• As of January 15, 2017, approximately $10 million in proceeds was raised in 33 offerings by issuers filing a Form C-U. The median amount raised in these offerings was $171,000 and the average amount raised was approximately $303,000.
  • For offerings initiated in 2016, 24 were withdrawn by issuers or associated with an intermediary whose FINRA membership was terminated and funding portal registration withdrawn. These offerings sought a total of approximately $2.3 million (approximately $19.5 million if oversubscriptions are included).
  • Most of the offerings solicited in all states.
  • The most popular type of security was equity, followed by “simple agreements for future equity” and debt.
  • The most popular state of incorporation for issuers was Delaware and the most popular principal place of business for issuers was California.
  • The median issuer had under $50,000 in assets, under $5,000 in cash, $10,000 in debt, no revenues, and three employees. Approximately 40% of the issuers reported positive revenue and approximately 9% of the issuers reported a net profit in the most recent fiscal year. Among the issuers that reported non-zero assets in the prior fiscal year, the median growth rate was approximately 15%.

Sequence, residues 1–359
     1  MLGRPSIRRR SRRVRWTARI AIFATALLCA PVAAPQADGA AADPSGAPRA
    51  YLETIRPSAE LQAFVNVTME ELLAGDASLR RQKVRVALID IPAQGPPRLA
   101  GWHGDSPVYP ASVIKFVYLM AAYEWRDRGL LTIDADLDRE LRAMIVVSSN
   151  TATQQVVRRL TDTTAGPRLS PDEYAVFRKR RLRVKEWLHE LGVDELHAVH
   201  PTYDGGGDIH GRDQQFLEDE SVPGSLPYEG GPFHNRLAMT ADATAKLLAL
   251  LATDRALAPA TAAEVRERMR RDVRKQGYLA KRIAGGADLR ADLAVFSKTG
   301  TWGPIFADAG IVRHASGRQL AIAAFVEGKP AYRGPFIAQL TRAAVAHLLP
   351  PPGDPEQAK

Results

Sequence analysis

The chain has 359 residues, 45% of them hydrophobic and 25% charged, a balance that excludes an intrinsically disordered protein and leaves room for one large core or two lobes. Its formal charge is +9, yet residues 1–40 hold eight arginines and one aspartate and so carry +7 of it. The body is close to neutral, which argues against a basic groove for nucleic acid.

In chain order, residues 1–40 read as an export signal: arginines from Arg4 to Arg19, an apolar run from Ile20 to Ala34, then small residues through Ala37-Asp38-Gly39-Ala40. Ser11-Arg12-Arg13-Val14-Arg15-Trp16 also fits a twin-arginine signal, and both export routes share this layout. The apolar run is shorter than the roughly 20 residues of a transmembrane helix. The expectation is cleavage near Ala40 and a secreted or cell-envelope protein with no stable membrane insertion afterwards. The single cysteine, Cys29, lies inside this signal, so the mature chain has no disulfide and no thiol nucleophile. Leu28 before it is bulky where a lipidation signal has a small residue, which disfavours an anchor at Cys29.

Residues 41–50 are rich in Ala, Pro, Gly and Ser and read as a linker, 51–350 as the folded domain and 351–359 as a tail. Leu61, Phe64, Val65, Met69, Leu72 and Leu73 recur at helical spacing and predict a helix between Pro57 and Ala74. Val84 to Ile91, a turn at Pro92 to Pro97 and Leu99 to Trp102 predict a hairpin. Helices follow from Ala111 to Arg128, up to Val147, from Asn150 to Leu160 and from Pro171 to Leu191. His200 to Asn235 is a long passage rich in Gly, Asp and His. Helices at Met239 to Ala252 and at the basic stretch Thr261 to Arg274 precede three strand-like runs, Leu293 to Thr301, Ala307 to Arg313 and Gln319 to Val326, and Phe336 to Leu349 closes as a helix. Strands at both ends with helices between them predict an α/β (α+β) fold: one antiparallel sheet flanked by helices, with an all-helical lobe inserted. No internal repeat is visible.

• 21 intermediaries, including 13 funding portals and 8 broker-dealers, were involved in the offerings. As of December 31, 2016, 21 funding portals have registered with the SEC and FINRA and one funding portal had its FINRA membership terminated and withdrew its SEC registration. The median intermediary percentage fee was 5%, and intermediaries took a financial interest in the issuer in approximately 16% of the offerings.

A copy of the white paper is available at: https://www.sec.gov/dera/staff-papers/white-papers/RegCF_WhitePaper.pdf

Acting Chair Piwowar made remarks at the the Dialogue on Crowdfunding hosted by the Securities and Exchange Commission and the Salomon Center for the Study of Financial Institutions at New York University.  In his remarks, Acting Chair Piwowar shared the following statistics regarding crowdfunding, noting that:  163 U.S. securities-based crowdfunding deals have been initiated, of which 33 have completed their fundraising.  Over $10 million has been raised since the regulation went into effect, with most offerings still ongoing.  There are currently 21 registered funding portals in the United States.  He also expressed concern as to whether the final rules are too restrictive or too burdensome and raised the possibility that the Commission consider steps to improve the regulations, including through the use of the Commission’s exemptive authority.